Despite the modern conveniences that kids enjoy, childhood today isn’t any easier than it was for their parents. The media often paints a bleak picture of youth, with reports of childhood obesity, ADHD, and bullying. What if there was something that could change that, courtesy of your local martial arts studio? At Venture Martial Arts we want to tell you how this fun activity can change so much for your child!
Although martial arts are often associated with fighting and violence, given its prominence in movies and video games, that’s only one side of it. For kids, martial arts can fill gaps in physical activity, improve health and behavioral problems, and even reduce the amount of violence among youth.
STRENGTHENING THE BODY
Inactivity is one of several contributors to childhood obesity, which often leads to many other issues, such as long-term health problems into adulthood and lowered self-esteem. Children today are considerably less active than their 1970s counterparts, who were more likely to walk to school and weren’t as absorbed in electronic entertainment.
Activity Guidelines recommend adults get 150 minutes of physical activity per week, while for children the recommended amount of exercise is almost triple—60 minutes per day (420 minutes per week). But, according to a recent report, 40 percent of kids are getting 180 minutes per week or less—less than half of the recommended amount.
Regular and consistent Martial Arts for Kids can go a long way toward filling the widening gap in physical activity in which active play is supplanted by time spent in front of a screen. This can apply to most extracurricular team sports, but in terms of total caloric expenditure, a student training in martial arts can burn off 10 to 20 percent more calories per hour than playing football or basketball.
More often than not, traditional sports programs cater to the more elite athlete that can score more. There are no benchwarmers in martial arts.
In addition to improved physical benefits and inclusion, martial arts are often safer than other sports. A 2009 literature review suggests that, despite the potentially dangerous skills learned in martial arts, it is safer than football and basketball, attributing this advantage to proper instruction and a controlled training environment.
SHARPENING THE MIND
Martial arts are good for the developing mind and can be beneficial to children who have disciplinary problems at school or have been diagnosed with attention deficit hyperactivity disorder (ADHD). A 2012 study evaluating a specialized 20-week martial arts program that incorporated meditation and cognitive behavioral therapy found that youth aged 12 to 18 who were diagnosed with learning disabilities (some with ADHD or anxiety problems) showed improvement in social skills, attentiveness, and decreased anxiety levels.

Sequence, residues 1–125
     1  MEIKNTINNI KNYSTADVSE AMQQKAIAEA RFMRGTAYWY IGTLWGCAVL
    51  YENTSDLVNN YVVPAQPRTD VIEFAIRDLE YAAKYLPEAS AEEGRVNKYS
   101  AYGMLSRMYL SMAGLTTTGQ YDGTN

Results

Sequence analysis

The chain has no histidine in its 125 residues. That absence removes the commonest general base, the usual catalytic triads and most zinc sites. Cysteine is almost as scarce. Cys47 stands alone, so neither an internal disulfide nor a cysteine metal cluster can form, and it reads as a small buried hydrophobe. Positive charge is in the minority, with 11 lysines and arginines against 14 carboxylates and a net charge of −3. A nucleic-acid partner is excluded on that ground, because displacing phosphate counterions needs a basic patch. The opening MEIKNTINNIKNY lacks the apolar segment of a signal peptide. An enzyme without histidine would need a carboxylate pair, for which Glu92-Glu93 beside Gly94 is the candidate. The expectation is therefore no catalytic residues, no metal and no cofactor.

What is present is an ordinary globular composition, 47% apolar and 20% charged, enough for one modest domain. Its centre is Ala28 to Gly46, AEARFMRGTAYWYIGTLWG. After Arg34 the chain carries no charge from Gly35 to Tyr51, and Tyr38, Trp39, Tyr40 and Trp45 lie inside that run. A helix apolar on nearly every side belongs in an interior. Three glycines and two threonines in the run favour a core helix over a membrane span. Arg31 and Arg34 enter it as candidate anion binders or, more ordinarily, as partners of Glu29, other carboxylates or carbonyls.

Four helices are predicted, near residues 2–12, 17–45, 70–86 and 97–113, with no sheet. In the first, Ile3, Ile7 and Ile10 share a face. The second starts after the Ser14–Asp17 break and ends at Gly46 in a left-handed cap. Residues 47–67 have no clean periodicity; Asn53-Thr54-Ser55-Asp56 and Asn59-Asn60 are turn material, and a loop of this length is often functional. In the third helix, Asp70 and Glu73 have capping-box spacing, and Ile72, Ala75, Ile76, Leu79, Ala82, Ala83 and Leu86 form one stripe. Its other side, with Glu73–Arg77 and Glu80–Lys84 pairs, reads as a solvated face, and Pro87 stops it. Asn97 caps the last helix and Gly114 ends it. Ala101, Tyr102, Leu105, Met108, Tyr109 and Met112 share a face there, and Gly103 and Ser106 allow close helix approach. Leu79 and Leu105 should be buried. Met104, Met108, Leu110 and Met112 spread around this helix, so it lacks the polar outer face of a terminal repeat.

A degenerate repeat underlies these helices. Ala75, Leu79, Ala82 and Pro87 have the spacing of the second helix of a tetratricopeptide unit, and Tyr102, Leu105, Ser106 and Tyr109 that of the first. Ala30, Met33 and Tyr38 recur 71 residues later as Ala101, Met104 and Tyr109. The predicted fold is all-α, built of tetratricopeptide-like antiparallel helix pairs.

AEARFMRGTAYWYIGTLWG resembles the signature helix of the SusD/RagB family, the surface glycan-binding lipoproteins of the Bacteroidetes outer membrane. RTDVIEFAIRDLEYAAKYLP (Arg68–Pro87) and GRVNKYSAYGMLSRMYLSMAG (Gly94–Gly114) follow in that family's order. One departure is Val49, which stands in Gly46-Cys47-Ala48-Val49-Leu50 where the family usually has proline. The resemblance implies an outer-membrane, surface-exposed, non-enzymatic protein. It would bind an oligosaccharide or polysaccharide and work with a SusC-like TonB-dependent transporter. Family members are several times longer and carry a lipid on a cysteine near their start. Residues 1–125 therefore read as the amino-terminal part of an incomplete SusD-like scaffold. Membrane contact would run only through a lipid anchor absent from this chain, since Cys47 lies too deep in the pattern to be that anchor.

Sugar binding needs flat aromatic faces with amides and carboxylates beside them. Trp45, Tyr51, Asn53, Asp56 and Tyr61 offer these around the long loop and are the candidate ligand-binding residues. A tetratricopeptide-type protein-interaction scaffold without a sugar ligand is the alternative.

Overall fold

Other studies show a more significant improvement in young boys than in girls who study martial arts, which may be notable as boys are three times more likely to be diagnosed with ADHD. Study authors suggest more research should be undertaken to confirm the use of martial arts as a treatment for ADHD, however.
While martial arts instill fighting and combat skills, a two-year study of 14 karate students and nine judo students (all boys aged 10) reported no increase in levels of aggression and, in the case of the nine judo students, found a decrease in anger levels. The study authors suggest this might be due to the practice of meditation, common to many martial arts.
In addition to encouraging movement, calming the mind, and curbing aggression, martial arts instruction can play a role in reducing bullying, which goes beyond teaching a child how to fight back.
A 2008 study evaluated a martial arts-based intervention program known as The Gentle Warrior, which not only reduced aggressive tendencies in the elementary school-aged participants but also improved the behavior of bystanders, who were more likely to aid victims of bullying, rather than condone it through inaction.
Martial arts can be vital in shaping the leaders of tomorrow. Martial arts programs are excellent at actually teaching life skills rather than just sports skills. The ultimate goal of martial arts schools should not be to produce the next world champion but to produce the best possible people who can benefit the world.